It is about social advantage, social development, and opportunities for lifelong learning.
I am increasingly of the view that central to the argument/rationale for establishing a school library are principles around social justice, first and foremost, and the belief that school libraries constitute, and advance, social justice. It is about social advantage, social development, and opportunities for lifelong learning. The public libraries that I visited in Bogota are beacons of social and cultural development, offering a multitude of services for all ages. These are not just traditional information services, but social services and cultural and community services as well, founded on the provision of information. I walked into one public library which had a huge banner on its outside wall that said ‘Zero Violence’, visible for some distance in the streets surrounding it. Public libraries are highly valued, because they provide so many diverse opportunities for people in all walks of life. They offer the public chances and the opportunity to make the most of their lives through their interactions with information. They offer social capital. It seems to me that some of the core concepts embedded in the social justice discourses – equity of resources, equity of access to advantage, and equality of capabilities – are at the heart of the argument surrounding the value and sustainability of school libraries. Until these principles are in place, there is not much point in talking about school libraries and student achievement.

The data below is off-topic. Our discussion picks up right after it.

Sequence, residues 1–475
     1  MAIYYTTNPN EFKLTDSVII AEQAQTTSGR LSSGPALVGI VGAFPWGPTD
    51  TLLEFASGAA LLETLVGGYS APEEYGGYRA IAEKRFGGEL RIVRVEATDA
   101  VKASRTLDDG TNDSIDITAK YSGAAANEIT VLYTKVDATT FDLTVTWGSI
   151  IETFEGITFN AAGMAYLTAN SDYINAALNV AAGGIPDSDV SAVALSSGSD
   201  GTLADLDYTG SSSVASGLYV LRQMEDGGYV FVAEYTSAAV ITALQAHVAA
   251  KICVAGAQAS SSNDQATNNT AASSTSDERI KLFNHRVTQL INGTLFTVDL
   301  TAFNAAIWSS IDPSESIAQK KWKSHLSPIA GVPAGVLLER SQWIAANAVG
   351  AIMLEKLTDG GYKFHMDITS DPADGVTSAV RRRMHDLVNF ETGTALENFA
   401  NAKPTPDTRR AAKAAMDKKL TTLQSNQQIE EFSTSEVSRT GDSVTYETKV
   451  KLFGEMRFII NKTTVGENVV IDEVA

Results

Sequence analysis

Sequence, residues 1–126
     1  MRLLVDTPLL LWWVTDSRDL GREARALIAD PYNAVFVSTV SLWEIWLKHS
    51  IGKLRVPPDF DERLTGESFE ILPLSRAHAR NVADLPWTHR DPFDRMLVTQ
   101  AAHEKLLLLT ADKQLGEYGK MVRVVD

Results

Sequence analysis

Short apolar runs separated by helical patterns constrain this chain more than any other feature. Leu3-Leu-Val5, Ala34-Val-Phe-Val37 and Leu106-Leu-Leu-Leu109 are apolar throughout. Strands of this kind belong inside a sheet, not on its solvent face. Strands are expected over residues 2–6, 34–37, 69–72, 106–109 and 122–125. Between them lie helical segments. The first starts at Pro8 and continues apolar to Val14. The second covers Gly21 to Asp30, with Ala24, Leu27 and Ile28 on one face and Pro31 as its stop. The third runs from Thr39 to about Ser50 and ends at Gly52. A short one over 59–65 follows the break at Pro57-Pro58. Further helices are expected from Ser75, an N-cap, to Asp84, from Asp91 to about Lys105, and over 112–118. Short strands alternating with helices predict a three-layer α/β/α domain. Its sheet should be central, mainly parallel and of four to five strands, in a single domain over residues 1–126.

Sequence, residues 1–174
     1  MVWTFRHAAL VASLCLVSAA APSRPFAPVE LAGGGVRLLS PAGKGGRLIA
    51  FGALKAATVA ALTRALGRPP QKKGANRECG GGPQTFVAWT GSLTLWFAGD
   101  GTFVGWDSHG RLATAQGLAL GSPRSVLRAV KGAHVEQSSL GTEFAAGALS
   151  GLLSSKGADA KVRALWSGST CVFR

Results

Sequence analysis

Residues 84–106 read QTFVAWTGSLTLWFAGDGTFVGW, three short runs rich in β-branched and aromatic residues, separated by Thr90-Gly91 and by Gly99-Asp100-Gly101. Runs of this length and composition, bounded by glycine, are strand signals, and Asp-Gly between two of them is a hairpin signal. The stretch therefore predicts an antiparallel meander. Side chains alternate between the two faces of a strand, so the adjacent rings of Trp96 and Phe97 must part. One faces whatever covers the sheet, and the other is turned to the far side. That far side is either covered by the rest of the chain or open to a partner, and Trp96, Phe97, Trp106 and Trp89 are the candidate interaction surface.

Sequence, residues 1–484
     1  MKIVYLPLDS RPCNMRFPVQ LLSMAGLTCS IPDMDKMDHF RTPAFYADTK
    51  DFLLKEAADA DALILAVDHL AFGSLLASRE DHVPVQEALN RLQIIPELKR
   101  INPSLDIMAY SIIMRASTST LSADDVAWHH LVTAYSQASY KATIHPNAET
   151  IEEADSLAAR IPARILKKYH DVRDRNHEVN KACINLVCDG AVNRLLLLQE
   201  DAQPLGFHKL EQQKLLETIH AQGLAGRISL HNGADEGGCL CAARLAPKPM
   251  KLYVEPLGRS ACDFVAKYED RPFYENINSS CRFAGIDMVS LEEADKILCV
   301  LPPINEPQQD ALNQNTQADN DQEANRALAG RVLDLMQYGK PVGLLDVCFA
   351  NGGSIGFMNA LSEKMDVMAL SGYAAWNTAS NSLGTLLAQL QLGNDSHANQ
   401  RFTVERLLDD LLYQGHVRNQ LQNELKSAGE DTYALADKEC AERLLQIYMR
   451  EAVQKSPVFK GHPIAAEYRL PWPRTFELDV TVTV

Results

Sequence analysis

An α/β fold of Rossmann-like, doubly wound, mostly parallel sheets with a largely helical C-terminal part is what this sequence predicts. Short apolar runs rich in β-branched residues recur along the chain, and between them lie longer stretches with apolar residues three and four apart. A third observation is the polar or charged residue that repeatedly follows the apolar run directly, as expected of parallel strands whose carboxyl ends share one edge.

So, I am asking for your input. Conceptualising school libraries from a social justice angle, not necessarily a student achievement angle, what would this mean? What would be some core ideas? Do drop me an email (
) with your thoughts, ideas, arguments and issues. It is an open slate. Give me your thoughts, and I will sum these up in the next column of Synergy.
Dr Ross J Todd is the Associate Professor & Director of The Center for International Scholarship in School Libraries (CISSL), and Interim Chair of the Department of Library & Information Science in the School of Communication & Information at Rutgers, The State University of New Jersey. Dr Todd is also a member of the Synergy Board.